There have been so many milestone anniversaries this year that it was inevitable
some of them would be overlooked, or remembered only by the very few people who
were actively involved in the event.
An example was the 60th anniversary,
a couple of months back, of the transfer of the Foreign Ministry from Tel Aviv
to Jerusalem. Some ministry veterans, who are now long retired, were part of
that move – which was not favorably regarded by the country that counts itself
as Israel’s most enduring and best friend. In a statement issued on July 28,
1953, by then-US secretary of state John Foster Dulles during the presidency of
Dwight D. Eisenhower, Dulles wrote: “The United States regrets that the Israeli
government has seen fit to move its Foreign Office from Tel Aviv to
“We have made known our feelings on that subject to the
government of Israel on two prior occasions.
It was done in July 1952 and
again in March 1953, when our ambassador, hearing rumors that this was in
contemplation, called upon the Israeli government and requested them not to
transfer their Foreign Ministry to Jerusalem.
“We feel that way because
we believe that it would embarrass the United Nations, which has a primary
responsibility for determining the future status of Jerusalem. You may recall
that the presently standing UN resolution about Jerusalem contemplates that it
should be to a large extent at least an international city.
Also, we feel
that this particular action by the government of Israel at this particular time
is inopportune, in relation to the tensions which exist in the Near East –
tensions which are rather extreme – and that this will add to rather than relax
any of these tensions.
“The views that I express here are, we know,
shared by a considerable number of other governments, which have concern with
the development of an atmosphere of peace and goodwill in that part of the
“We have notified the government of Israel that we do not intend
to move our own embassy to Jerusalem.”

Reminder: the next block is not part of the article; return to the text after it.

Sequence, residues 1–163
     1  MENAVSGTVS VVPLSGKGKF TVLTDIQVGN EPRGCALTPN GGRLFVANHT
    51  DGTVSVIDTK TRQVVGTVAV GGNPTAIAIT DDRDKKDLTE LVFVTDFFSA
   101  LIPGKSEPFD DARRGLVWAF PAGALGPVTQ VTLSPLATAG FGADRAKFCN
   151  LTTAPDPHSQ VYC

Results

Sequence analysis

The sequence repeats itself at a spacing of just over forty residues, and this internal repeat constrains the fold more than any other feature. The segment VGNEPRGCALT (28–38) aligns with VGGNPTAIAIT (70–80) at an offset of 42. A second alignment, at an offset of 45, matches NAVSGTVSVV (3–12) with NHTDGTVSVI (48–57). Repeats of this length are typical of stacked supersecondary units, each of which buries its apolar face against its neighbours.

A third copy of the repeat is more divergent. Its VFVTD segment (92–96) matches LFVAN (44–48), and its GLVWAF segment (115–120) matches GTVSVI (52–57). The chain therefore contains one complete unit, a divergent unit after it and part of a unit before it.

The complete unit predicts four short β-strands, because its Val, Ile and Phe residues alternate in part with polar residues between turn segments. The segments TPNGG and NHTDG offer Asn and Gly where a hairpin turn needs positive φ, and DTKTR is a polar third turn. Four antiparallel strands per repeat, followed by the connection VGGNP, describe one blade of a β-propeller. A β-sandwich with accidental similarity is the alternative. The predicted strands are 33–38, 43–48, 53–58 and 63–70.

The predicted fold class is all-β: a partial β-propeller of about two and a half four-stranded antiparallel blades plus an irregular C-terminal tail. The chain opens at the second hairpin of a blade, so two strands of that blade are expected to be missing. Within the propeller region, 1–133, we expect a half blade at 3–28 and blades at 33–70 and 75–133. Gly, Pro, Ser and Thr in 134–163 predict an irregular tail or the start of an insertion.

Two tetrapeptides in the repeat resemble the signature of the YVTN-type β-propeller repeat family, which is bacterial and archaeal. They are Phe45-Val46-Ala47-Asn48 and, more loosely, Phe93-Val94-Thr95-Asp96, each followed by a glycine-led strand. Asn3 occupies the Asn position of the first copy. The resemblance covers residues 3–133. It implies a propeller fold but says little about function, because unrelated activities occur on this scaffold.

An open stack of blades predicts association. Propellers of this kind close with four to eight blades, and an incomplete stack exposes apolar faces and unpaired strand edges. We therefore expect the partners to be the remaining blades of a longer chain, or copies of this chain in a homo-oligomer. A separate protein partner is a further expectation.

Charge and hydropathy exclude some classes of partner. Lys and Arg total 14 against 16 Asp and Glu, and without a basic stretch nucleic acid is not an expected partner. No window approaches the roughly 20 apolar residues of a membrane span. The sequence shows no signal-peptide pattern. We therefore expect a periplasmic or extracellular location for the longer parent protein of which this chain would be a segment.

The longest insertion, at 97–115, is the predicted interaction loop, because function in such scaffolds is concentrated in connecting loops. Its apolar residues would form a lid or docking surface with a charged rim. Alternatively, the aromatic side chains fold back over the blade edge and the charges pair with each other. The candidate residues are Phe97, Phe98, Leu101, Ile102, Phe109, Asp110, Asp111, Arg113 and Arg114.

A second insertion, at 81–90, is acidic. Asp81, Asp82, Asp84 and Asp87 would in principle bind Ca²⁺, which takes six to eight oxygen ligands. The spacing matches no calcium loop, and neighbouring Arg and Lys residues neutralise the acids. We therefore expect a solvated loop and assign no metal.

The US, in fact, owns land in
Jerusalem that has been designated since 1995 as the relocation site of the
embassy. A law to this effect was passed by the 104th Congress on October 23,
1995. The embassy was due to relocate no later than May 31, 1999, but a series
of American presidents found reason to delay the move from Tel Aviv to Israel’s
Almost everywhere in the world, foreign embassies are located in
the capital of the host country, and in some countries, when the capital was
moved – so were the embassies.
Perhaps in two years’ time, when the 20th
anniversary of the legislation enacted by Congress comes around, the Americans
Indeed, US President Barack Obama could conclude his term
in office with a big bang. Congress has already reiterated its commitment to
moving the embassy to the capital, with the recent passing of a bipartisan bill
which refers to “Jerusalem as Israel’s undivided capital for historical,
biblical and moral reasons.” The bill was passed almost concurrently with the
resumption of peace talks between Israel and the Palestinians.
FIVE years in a Hamas prison, Gilad Schalit has seen more of the world than he
Aside from his travels abroad as a sports writer for
Yediot Aharonot, he was utilized by Keren Kayemeth LeIsrael-Jewish National Fund
to drum up donations. KKL-JNF sent him to Canada on a “thank you” tour to
Toronto, Montreal, Calgary and Vancouver, where thousands of people paid $18
each to hear him speak and thank them for their support during his period of
On October 18, Schalit will celebrate the second